What has been established is that when Western ICT is available on a daily, long term basis to an individual who lives in a third-world, collectivistic environment the ICT does cause change in individual self-construal, fosters the growth of individualistic, modern and agentic values, and increases levels of abstract reasoning among children. Although, these changes are individually significant, it does not immediately alter the individual’s culture and they are, from what appears to date, subsumed into the culture’s uniqueness (Hansen & Postmes, 2013; Hansen & Postmes, 2013; Hansen, Postmes, van der Vinne, & van Thiel, 2012; Kocsev, Hansen, Hollow, & Pischetola, 2009).
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Zuckerberg’s Dream of Connecting the World: What Can We Expect? (Part 4 – The Findings)

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Recapping the previous posts on this topic, Mark Zuckerberg’s new non-profit consortium of information and communication technology (ICT) corporations would like to connect the remaining 5 billion inhabitants of the planet to the Internet who are not now connected (Internet.org, 2013). Many of the five billion people in question will most likely come from collectivistic non-western cultures. This post examines the results of studies conducted on a reduced scale involving the distribution of laptops in Ethiopia during which the researchers claim to have found the “first systematic evidence that usage of Western ICT can instigate cultural change in a traditional developing country” (Hansen N. , Postmes, van der Vinne, & van Thiel, 2012, p. 230).
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Advertising as Economic Propaganda

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“Public relations is … a communicative process designed to enhance the relationship between the organization and the public and, as such, is a branch of propaganda…. Propaganda is here defined as a deliberate attempt to persuade people, by any available media, to think and then behave in a manner desired by the source, it is really a means to an end” (Taylor, 2003, pp. 6-7).

References

Taylor, P. M. (2003). Munitions of the Mind. Manchester: Manchester University Press.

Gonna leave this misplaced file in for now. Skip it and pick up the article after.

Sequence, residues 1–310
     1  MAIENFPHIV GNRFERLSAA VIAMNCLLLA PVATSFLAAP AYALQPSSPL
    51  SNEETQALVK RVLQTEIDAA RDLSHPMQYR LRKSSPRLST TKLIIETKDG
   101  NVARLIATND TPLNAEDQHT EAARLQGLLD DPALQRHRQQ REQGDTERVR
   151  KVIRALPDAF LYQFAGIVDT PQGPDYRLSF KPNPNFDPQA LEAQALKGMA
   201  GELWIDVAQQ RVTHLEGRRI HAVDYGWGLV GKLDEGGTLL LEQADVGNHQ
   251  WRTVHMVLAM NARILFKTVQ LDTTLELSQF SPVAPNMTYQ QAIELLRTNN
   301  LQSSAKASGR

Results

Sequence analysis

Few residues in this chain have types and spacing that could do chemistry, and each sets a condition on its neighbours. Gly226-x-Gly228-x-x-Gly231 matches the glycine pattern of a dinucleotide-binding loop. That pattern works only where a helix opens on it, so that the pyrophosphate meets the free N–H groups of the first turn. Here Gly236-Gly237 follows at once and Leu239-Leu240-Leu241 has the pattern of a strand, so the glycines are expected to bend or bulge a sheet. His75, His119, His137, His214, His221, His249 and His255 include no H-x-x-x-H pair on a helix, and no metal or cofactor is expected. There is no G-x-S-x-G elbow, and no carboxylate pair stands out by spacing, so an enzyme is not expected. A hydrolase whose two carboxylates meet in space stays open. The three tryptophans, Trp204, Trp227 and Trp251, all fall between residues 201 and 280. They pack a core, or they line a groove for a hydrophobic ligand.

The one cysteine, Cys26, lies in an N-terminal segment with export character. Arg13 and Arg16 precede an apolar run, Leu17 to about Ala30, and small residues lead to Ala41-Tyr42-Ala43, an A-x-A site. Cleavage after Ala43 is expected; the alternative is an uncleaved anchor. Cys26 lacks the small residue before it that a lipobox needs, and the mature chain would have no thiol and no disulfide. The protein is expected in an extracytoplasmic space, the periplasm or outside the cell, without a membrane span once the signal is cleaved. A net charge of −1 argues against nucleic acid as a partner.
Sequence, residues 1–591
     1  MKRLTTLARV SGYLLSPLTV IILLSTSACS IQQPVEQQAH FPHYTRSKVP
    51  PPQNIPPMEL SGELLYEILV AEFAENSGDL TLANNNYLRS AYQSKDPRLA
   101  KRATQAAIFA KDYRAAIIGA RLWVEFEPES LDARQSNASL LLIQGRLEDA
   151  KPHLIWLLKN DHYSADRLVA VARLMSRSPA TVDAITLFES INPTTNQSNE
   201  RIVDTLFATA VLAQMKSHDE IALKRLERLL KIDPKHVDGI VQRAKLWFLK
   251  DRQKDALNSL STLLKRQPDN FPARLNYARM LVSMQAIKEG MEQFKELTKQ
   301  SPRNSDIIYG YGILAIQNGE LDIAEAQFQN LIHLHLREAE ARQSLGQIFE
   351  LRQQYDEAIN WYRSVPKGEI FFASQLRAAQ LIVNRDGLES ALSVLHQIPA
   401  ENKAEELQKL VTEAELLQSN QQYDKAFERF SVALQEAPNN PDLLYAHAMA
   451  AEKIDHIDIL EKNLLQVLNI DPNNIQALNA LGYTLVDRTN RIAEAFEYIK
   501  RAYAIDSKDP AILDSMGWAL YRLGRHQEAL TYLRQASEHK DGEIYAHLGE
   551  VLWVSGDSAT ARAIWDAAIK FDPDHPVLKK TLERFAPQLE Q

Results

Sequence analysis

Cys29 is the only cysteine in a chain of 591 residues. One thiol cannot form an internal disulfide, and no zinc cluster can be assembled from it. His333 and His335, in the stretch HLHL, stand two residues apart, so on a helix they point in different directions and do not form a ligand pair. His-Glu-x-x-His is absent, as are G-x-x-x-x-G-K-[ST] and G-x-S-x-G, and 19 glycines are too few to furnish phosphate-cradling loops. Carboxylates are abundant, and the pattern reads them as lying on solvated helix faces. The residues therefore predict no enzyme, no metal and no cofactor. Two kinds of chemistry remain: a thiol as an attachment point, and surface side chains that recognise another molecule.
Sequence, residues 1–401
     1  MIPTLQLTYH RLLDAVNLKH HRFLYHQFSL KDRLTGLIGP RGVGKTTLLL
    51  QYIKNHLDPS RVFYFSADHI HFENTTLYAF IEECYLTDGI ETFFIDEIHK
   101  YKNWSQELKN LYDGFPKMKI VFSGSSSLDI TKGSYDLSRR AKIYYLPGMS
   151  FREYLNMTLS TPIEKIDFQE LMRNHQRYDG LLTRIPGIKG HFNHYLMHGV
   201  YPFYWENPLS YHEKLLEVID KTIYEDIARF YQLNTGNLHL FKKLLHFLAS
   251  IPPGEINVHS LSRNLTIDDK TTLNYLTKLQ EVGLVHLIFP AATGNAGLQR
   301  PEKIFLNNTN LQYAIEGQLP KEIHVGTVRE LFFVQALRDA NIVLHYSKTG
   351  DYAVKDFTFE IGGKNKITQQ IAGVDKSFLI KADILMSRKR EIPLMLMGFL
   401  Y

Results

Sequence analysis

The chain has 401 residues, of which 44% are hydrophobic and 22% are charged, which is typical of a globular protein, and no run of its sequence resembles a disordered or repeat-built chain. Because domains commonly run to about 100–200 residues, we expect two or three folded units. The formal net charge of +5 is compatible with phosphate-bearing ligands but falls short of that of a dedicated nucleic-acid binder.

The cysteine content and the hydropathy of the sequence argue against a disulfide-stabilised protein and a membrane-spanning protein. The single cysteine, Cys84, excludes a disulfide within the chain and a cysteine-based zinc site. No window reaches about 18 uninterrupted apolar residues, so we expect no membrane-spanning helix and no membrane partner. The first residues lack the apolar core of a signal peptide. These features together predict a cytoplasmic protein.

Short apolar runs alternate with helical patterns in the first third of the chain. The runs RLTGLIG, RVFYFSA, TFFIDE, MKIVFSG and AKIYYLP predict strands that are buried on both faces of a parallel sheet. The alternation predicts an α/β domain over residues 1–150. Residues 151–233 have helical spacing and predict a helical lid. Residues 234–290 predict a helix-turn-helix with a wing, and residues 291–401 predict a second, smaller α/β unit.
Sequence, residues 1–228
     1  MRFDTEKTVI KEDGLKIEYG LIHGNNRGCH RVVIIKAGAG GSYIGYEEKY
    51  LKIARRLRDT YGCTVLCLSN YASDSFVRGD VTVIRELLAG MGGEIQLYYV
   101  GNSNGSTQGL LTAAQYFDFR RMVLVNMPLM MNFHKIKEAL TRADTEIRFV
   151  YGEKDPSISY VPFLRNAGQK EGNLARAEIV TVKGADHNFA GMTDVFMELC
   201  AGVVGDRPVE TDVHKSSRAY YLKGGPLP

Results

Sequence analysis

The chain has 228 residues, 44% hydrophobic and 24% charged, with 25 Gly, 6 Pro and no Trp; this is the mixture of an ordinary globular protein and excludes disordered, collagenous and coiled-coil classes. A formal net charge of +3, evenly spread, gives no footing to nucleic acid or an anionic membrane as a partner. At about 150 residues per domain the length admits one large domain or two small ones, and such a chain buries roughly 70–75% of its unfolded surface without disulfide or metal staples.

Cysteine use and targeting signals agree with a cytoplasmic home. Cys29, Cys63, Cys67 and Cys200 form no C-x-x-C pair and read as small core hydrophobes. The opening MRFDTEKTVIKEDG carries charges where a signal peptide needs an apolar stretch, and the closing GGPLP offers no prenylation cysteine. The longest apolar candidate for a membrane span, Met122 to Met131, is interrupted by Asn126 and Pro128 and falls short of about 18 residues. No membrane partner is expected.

Zuckerberg’s Dream of Connecting the World: What Can We Expect? (Part 3)

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Recapping the earlier posts on this topic, Mark Zuckerberg’s new non-profit consortium of information and communication technology (ICT) corporations would like to connect the remaining 5 billion inhabitants of the planet to the Internet who are not now connected (Internet.org, 2013). Many of the five billion people in question will most likely come from collectivistic non-western cultures. What effects can we expect?

As connecting the world’s populations has never been attempted before, literature focusing on the potential effects is non-existent. As a result, a reduced scale of the effort can be examined in regard to the insertion of Western ICT into countries that have not been previously exposed to it en masse or subject to its effects.

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Quote

Ian Bogost – The Georgia Institute of Technology

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“…the result of any media experience throughout history has been a change in the reader, viewer, or interactor’s ideas and actions in the world, even if in subtle ways” (Bogost, 2008, p. 16).

References

Bogost, I. (2008). Fine Processing. Persuasive Technology (pp. 13-22). Oulu: Springer.

Marshall McLuhan & the Print-to-Digital Shift Which Undermines Nationalism

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Ken S. Heller:

Here’s an interesting snippet discussing Marshall McLuhan’s theories and how media may lead to the end of nationalism due to a change in the linearity of human relationships and experience. It’s part of a larger post authored by Mark Bou Mansour at Catch21. Food for thought.

Originally posted on McLuhan Galaxy:

Published on November 25th, 2013

by Mark Bou Mansour

Do new media technologies just carry on the developments of print media? Or are new currents underway today? Marshal McLuhan argues the latter. McLuhan was a Canadian philosopher, media guru and intellectual celebrity ….  McLuhan is known for coining the phrase “the medium is the message”, popularizing the notion of “the global village”, and for pretty much revolutionizing the way we look at media’s role in shaping human societies. McLuhan, who is credited with quotes such as “diaper spelled backwards is repaid. Think about it” and “I don’t necessarily agree with everything I say”, is also credited with predicting the internet thirty years before its commercialization.

In his game-changing book The Gutenberg Galaxy: The Making of Typographic Man, which we don’t have space be give justice here, McLuhan studies the way technology for documenting and communicating has influenced human cognition and…